How to identify Dbcontexts (to prevent singleton context for entire application)

asp.net-mvc c# entity-framework

Question

In order to avoid using a single Dbcontext for your whole application, I was wondering how to scope out your Dbcontexts in Entity Framework. Since I'm new to Entity Framework and have only read tutorials using a single Dbcontext as an example, EF is now mostly a mystery to me.

Consider, for instance I have three types:

  • Post
  • User
  • Comment

Each model has a connection to the others (A Post belongs to User, Comment belongs to User and Post). Do I create a Dbcontext for every single one separately? However, because they are all connected, it wouldn't be acceptable. Should I instead create a Dbcontext for each case I require? For instance, a PostCommentsContext would be used if I just needed to query for Posts and Comments, not users. A PostUserCommentContext would then exist.

1
11
2/7/2017 12:07:00 AM

Accepted Answer

Use of a Work Unit to encapsulate the Data Context, manage the connection lifespan, and let you to interact with numerous Repositories would be the best course of action (if you were so inclined to go down that path).

Implementation summary:

  • Make a user interface (IUnitOfWork ) that reveals characteristics for yourDbSet 's, together with a single technique known as Commit
  • Put a plan into action (EntityFrameworkUnitOfWork ), carrying out as necessary. Calling SaveChanges on the base class is all that commit does (DbContext ), and moreover offers a strong hook-in for impromptu logic.
  • Your controller will approve aIUnitOfWork utilize DI to solve a problem, ideallyEntityFrameworkUnitOfWork , with a setting of lifetime with HTTP-context scoping (StructureMap is good for this)
  • (Optional but advised) make a Repository that also incorporates theIUnitOfWork Now use your Controller to burn off that energy.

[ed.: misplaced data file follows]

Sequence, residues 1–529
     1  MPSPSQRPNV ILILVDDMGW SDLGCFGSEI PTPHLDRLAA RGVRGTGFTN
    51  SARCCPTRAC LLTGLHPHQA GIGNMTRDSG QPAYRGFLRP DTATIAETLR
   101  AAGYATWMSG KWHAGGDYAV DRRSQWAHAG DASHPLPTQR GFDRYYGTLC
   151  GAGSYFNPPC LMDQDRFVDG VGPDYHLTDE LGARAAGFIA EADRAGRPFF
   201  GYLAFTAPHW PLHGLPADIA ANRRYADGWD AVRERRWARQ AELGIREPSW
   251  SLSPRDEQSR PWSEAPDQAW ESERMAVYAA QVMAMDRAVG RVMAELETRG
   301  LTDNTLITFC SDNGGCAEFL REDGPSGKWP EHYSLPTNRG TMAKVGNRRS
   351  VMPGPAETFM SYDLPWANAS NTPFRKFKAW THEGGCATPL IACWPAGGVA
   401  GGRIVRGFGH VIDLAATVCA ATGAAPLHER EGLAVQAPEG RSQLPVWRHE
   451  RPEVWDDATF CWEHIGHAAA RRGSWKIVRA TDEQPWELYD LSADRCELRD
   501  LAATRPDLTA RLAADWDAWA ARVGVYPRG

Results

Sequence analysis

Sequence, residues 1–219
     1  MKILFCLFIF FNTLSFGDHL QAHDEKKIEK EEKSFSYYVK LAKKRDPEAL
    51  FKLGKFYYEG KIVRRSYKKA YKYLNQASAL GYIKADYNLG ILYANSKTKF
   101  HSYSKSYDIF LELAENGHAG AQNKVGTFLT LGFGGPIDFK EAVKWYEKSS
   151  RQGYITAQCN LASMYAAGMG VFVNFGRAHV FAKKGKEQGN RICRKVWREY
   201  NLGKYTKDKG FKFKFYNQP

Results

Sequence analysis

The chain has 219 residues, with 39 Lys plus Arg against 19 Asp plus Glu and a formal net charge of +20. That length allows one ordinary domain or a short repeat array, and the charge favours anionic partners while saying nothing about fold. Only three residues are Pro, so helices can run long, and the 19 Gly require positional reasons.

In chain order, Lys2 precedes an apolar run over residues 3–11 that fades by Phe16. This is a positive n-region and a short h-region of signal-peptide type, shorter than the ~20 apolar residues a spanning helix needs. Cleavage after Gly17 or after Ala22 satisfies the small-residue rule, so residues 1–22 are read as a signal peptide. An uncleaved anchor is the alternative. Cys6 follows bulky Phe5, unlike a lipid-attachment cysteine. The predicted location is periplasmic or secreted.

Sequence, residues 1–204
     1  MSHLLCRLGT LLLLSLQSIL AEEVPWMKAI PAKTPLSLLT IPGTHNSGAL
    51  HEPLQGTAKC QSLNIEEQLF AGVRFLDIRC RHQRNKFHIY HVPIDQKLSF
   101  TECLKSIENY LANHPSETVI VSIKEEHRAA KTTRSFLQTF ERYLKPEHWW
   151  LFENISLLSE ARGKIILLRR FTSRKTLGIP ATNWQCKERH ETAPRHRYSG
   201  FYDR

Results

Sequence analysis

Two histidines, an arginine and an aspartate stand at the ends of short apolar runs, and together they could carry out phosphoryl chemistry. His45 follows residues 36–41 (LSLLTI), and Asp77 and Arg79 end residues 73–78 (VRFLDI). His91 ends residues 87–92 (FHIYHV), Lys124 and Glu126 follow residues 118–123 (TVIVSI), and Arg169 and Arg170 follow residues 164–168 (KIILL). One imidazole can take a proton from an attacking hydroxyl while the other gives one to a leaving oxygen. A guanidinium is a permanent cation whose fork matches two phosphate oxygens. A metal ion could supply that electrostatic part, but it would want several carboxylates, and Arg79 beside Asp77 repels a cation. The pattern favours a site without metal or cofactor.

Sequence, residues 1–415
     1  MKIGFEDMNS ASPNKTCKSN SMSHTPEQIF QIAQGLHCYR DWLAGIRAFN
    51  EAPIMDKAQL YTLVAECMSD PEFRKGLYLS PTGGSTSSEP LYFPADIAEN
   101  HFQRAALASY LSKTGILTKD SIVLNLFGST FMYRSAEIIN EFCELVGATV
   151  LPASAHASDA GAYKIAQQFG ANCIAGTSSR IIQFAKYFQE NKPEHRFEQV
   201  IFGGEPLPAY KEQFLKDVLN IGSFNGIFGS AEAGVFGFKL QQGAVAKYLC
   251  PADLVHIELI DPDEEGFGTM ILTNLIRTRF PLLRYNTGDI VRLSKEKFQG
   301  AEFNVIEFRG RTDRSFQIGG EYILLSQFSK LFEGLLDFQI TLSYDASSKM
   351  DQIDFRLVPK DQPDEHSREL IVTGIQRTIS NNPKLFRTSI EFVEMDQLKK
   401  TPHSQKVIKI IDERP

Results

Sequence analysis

HTH

EDIT - Reaction to Remarks

Oh, how can you do work that involves creating records in multiple models then? i.e., create a new user and a new post in the same transaction.

Considering that you're using ASP.NET MVC, your controllers need to take anIUnitOfWork in their builder.

Based on what you requested, here is an illustration.

public SomeController : Controller
{
   private IUnitOfWork _unitOfWork;
   private IUserRepo _userRepo;
   private IPostRepo _postRepo;

   public SomeController(IUnitOfWork unitOfWork, IUserRepo userRepo, IPostRepo postRepo)
   {
      _unitOfWork = unitOfWork; // use DI to resolve EntityFrameworkUnitOfWork
      _userRepo = userRepo;
      _postRepo = postRepo;
   }

   [HttpPost]
   public ActionResult CreateUserAndPost(User user, Post post)
   {
      // at this stage, a HTTP request has come in, been resolved to be this Controller
      // your DI container would then see this Controller needs a IUnitOfWork, as well
      // as two Repositories. DI smarts will resolve each dependency.
      // The end result is a single DataContext (wrapped by UoW) shared by all Repos.
      try
      {
         userRepo.Add(user);
         postRepo.Add(post);
         // nothing has been sent to DB yet, only two objects in EF graph set to EntityState.Added
         _unitOfWork.Commit(); // two INSERT's pushed to DB
      }
      catch (Exception exc)
      {
          ModelState.AddError("UhOh", exc.ToString());
      }
   }
}

And one more question, what does the HTTP-context scoped lifetime do?

Scope management options for objects in DI-talk include per thread, per session, per http request, singleton, etc.

Web programs should use the HTTP-context scoped option. It translates to "create a context when an HTTP request arrives and destroy it after the request is complete."

7
1/28/2011 4:36:00 AM

Popular Answer

Use only one DbContext! Your life will be easier as a result. You shouldn't be concerned about performance since data that isn't required or accessed won't be loaded or use any resources.

public class UserContext : DbContext
{
    public DbSet<User> Users { get; set; }
    public DbSet<Post> Posts { get; set; }
    public DbSet<Comment> Comments { get; set; }
}

You could need two or more contexts for some instances.

One context, similar to the one described above, to keep all the front-end data required for your application to function, and another context, for instance, to store reports produced from that front-end data and which is only utilized in the back-end of your application.



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